Transient ischaemic attacks (TIAs or ‘mini strokes’) and strokes are medical emergencies. If you have the symptoms of a TIA or stroke, call an ambulance immediately on 000.
According to the National Stroke Foundation, the symptoms of a TIA and stroke come on rapidly and include:
· Weakness, numbness or paralysis of the face, arm or leg
· Difficulty speaking or understanding
· Dizziness or loss of balance
· Blurring or loss of vision
· Headache, usually severe/sudden
· Difficulty swallowing
TIAs occur when an artery supplying blood to the brain is blocked temporarily, usually by a blood clot or cholesterol particle. A TIA can last up to 24 hours, but there is no lasting damage to the brain once the event passes.
On the other hand, a stroke occurs when an artery is permanently blocked. The lack of blood can damage part of the brain, and may lead to permanent disability or even death. A stroke can also be due to a burst blood vessel in the brain.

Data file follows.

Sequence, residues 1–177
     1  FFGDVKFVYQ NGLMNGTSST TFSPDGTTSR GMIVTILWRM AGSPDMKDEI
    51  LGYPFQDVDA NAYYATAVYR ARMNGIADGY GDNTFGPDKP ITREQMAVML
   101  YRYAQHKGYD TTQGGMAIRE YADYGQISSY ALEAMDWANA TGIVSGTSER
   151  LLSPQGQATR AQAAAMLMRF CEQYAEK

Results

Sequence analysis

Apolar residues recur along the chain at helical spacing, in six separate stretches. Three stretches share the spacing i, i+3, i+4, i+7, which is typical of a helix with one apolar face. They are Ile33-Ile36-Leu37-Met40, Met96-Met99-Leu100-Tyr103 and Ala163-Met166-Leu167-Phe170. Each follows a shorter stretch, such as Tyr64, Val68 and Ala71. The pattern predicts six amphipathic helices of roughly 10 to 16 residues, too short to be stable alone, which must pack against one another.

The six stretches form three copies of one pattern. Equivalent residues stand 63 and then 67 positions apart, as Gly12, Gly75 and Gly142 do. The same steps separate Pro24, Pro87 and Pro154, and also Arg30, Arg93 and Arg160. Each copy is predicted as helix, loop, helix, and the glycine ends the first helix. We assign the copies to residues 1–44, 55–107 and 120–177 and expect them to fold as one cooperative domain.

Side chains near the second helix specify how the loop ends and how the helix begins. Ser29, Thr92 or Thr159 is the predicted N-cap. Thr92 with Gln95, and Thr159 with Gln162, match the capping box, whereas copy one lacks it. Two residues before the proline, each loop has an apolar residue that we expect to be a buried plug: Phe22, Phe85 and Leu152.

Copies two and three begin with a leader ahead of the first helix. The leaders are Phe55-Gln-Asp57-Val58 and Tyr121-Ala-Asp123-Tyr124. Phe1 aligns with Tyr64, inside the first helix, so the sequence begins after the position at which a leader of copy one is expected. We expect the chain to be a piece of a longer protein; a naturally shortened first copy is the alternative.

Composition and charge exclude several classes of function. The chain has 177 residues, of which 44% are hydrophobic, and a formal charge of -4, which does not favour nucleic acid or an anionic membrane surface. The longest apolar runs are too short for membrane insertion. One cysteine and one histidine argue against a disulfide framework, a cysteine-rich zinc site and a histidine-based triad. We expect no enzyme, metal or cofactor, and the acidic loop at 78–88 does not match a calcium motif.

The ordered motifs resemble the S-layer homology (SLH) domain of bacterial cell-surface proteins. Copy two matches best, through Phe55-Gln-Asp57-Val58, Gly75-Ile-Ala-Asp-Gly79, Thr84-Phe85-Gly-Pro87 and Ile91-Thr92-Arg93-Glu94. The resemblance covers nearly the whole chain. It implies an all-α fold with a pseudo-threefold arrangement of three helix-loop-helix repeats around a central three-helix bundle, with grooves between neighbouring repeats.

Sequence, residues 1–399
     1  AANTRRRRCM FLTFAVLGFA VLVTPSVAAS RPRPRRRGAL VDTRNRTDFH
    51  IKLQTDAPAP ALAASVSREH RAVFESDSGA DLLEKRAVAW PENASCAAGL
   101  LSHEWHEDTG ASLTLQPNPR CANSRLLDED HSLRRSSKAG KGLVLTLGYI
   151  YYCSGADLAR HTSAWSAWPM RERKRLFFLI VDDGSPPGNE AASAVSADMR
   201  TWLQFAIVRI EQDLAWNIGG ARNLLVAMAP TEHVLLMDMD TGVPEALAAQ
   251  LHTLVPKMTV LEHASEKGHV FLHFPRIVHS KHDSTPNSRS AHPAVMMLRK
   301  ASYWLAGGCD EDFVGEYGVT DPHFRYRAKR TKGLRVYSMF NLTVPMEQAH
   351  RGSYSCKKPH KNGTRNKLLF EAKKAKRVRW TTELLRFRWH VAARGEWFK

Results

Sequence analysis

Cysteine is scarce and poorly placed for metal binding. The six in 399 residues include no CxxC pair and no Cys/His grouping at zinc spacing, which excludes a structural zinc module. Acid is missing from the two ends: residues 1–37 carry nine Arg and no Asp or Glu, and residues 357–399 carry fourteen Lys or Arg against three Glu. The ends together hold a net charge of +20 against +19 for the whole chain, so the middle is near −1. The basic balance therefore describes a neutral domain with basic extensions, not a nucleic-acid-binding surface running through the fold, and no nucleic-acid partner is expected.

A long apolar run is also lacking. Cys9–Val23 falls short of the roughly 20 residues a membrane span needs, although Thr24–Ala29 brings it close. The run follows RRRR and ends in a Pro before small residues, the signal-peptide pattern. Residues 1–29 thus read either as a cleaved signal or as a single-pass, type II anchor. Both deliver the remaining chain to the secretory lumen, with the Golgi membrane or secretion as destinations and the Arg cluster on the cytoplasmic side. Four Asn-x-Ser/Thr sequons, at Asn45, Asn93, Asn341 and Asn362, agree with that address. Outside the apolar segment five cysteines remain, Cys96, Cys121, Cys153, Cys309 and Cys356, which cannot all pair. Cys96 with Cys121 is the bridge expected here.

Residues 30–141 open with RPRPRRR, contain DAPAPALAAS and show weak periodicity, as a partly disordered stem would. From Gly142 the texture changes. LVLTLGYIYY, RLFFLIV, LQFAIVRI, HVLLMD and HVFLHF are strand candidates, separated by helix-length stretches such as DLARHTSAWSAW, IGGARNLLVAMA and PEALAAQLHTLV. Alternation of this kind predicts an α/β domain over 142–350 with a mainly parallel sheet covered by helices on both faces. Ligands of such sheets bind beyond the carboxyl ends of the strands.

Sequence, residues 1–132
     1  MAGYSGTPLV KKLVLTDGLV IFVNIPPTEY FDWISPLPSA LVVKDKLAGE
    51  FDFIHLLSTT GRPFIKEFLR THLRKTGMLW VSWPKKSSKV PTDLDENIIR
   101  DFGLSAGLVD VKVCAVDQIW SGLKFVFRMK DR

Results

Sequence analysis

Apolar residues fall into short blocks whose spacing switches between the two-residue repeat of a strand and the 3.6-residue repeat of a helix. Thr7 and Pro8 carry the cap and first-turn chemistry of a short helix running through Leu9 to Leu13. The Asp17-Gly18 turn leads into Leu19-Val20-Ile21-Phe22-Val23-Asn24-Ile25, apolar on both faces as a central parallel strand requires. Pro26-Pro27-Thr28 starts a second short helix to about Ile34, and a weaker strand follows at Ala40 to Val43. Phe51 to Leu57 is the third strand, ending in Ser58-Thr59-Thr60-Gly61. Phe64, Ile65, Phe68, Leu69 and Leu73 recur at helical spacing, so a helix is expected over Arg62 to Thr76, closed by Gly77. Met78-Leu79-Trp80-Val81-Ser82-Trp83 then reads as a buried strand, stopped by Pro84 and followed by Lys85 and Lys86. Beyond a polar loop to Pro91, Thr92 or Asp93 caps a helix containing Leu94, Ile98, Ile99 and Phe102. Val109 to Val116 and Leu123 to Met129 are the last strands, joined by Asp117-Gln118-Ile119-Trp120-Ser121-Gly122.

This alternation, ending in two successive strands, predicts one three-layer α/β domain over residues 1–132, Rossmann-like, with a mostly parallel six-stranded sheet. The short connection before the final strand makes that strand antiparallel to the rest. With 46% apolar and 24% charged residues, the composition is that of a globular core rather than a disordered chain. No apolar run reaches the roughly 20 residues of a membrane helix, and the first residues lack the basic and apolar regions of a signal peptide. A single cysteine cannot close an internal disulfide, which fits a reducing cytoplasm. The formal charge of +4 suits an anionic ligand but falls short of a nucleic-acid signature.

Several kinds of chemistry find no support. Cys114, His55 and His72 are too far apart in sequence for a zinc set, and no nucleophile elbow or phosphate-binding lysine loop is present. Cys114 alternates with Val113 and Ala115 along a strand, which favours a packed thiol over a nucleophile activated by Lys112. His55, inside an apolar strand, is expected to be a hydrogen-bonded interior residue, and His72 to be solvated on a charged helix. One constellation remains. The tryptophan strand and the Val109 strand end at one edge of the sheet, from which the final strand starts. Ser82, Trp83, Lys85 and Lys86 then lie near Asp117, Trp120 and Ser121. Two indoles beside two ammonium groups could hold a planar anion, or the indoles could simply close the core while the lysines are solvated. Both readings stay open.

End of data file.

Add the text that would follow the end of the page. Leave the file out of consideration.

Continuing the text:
Doctors try to find the cause of the TIA or stroke with a physical examination, CT scan (brain x-ray), a scan of the arteries in the neck to check the blood flow, ECG (heart test) and blood tests.
Acting quickly saves lives
Most TIAs last less than an hour, but they should never be ignored. One in 5 people with a TIA will have a major stroke in the next 3 months. Urgent assessment can prevent this. Furthermore, an apparent TIA may actually be the start of a stroke.
Stroke also requires an urgent response. A blood clot-dissolving drug can be used in hospital in some cases to unblock the affected artery (thrombolysis) and reduce long-term damage. This drug must be given within 3 hours.
How to prevent TIAs and strokes
After a TIA or stroke, most people are put on ‘triple therapy’: medications to thin the blood (antiplatelet agents), lower blood pressure and reduce cholesterol. Other important strategies include good control of diabetes, stopping smoking, exercise and, if necessary, surgery to the blocked carotid (neck) arteries.